byChristopher S. Pineo
Msgr. James P. Moroney Pilot file photo
BRIGHTON -- Settling in as rector at St. John's Seminary Msgr. James P. Moroney sees hope and potential on the horizon as he lays in a course to move his new ministry forward.
With almost 30 new seminarians entering in the fall, Msgr. Moroney is about to get a larger influx of new recruits to forward the mission of the Church than any seen at the seminary in 20 years.
"As rector of the seminary I have tried, in the whole five weeks that I have been rector, to do whatever I could to foster the mission of this extraordinary institution," he joked.
While some seminarians come from as far off as Vietnam and Saudi Arabia, many come from dioceses surrounding the Archdiocese of Boston. More local seminarians will come from Massachusetts dioceses in Worcester, Springfield and Fall River, and from out-of-state dioceses in Burlington, Vermont; Portland, Maine; Providence, Rhode Island and Hartford, Connecticut.
Msgr. Moroney had a special message for the men coming to the seminary in the fall.
"You new men are the hope of the Church throughout the world. We await your enthusiasm, your goodwill, your openness to formation, and your love of God's will in your life," he said.
The rector of St. John's Seminary also had a message for the lay people in Boston, as they support the vocations of the men, and for those studying in lay ministry programs alongside the potential future priests.
"I spend a good deal of time speaking to people in all different walks of life in the Church about vocations. There is no role in vocations more important than the individual parishioner who sees a young man who they think God may be calling to the holy priesthood, and through their encouragement, and their prayers, and their witness, can help that man to answer God's call," he said.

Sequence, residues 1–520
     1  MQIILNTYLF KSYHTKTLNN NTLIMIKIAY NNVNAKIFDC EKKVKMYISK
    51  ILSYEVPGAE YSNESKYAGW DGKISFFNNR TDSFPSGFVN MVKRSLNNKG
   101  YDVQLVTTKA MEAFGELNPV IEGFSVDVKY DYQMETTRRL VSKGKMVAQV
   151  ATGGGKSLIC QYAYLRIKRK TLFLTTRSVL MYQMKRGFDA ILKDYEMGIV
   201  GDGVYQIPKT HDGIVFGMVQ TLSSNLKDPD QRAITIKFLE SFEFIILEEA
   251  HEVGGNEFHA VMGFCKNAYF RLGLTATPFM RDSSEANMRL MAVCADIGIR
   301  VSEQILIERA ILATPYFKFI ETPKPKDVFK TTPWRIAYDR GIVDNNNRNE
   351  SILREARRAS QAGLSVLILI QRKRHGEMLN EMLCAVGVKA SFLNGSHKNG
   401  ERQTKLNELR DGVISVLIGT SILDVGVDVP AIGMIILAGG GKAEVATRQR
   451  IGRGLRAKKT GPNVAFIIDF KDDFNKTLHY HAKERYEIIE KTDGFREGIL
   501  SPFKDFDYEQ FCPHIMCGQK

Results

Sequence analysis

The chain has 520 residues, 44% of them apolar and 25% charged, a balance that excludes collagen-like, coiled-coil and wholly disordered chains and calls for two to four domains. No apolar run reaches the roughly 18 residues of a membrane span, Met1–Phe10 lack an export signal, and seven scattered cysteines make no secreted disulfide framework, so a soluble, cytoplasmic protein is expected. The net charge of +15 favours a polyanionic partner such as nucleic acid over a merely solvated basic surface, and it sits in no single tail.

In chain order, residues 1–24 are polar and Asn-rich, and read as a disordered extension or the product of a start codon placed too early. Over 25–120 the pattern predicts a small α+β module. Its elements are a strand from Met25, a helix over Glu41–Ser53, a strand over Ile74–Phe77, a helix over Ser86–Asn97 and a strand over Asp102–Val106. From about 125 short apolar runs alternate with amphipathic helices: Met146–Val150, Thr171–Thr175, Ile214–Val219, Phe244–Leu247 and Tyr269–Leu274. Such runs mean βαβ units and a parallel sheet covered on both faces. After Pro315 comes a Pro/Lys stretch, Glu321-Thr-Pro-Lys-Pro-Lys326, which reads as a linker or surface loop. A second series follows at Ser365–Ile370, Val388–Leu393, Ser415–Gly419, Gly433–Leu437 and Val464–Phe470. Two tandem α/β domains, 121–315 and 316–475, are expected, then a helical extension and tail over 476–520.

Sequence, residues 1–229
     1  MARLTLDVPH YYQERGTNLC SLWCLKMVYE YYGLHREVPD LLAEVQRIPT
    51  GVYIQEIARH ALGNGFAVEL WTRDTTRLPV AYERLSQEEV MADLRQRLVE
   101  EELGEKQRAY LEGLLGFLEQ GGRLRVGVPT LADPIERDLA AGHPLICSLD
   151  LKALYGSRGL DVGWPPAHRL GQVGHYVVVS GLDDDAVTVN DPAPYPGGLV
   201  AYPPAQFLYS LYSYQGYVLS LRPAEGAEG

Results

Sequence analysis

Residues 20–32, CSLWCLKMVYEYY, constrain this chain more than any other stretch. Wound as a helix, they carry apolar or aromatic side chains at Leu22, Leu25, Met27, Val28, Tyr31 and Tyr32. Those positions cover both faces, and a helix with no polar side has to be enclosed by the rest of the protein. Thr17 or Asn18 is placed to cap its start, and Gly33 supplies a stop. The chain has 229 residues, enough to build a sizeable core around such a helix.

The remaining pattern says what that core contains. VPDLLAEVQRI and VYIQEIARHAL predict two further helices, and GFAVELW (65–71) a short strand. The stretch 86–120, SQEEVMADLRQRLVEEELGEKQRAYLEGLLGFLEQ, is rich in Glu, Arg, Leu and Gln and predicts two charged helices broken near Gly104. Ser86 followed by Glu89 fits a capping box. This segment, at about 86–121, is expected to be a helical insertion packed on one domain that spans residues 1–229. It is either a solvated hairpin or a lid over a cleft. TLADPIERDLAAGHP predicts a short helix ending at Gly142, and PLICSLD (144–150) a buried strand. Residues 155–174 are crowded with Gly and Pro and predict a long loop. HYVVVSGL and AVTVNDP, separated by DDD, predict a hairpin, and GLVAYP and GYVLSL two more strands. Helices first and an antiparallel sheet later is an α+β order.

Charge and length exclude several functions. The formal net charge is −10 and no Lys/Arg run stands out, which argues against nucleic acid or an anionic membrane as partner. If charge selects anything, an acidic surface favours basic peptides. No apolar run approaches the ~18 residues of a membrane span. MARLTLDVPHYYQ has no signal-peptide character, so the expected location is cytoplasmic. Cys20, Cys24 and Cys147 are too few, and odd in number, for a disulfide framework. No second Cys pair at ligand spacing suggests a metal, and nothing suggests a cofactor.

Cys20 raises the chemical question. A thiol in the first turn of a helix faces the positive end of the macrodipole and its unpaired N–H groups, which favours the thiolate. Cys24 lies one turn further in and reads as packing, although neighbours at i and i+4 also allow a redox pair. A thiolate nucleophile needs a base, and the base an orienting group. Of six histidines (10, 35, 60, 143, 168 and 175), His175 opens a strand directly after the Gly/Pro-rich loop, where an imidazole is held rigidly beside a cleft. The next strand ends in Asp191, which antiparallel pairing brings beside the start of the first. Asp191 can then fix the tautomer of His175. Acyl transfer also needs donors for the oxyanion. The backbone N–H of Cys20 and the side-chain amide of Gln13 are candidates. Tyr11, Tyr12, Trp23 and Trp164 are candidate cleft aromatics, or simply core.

"Just as a young bride and groom need to be encouraged by the whole Church to be faithful to the call that God has placed into their hearts, so the young seminarian needs the prayers, the support, and the witness of every one of the baptized in order that he may have the grace or the courage to answer God's call."
The new rector acknowledged the work of his predecessor Bishop Arthur L. Kennedy at the seminary.
"I am deeply grateful to Bishop Kennedy, who in many respects is a latter day founder, a second or third founder, of St. John's Seminary, in helping to reestablish the magnificent tradition of St. John's Seminary," Msgr. Moroney said.
On Aug. 6, Msgr. Moroney received exciting news from his bishop in Worcester, Bishop Robert J. McManus. Within the ranks of those granted the papal honor of Monsignor the newly appointed rector has been granted the degree of Prelate of Honor.
"The Prelate of Honor is the second level of monsignors. When the Holy Father appoints somebody a monsignor, which is simply an honor that he grants to priests, there are actually three different levels," he said.
Msgr. Moroney said a priest given the honor becomes first a Chaplain of His Holiness, second a Prelate of Honor, and sometimes advances to become a Protonotary Apostolic.
"No superpowers come with the job. This is simply an honor that the Holy Father bestows in encouragement of all of the many good works that I have been privileged to be able to do for the Church," he said.
The new rector said his efforts have included contributions to the translation of the New Roman Missal and serving as executive secretary of the Vox Clara commission on behalf of the Congregation for Divine Worship and Discipline of the Sacraments.
"Everyone is always appreciative of encouragement in life. But knowing that I enjoy the confidence of my own bishop, Bishop McManus, and of Cardinal O'Malley and most particularly of the Holy Father in this instance is a great consolation. It helps me to be able to garner whatever strength and determination I need to do that which the seminary and which the Church asks of me," Msgr. Moroney said.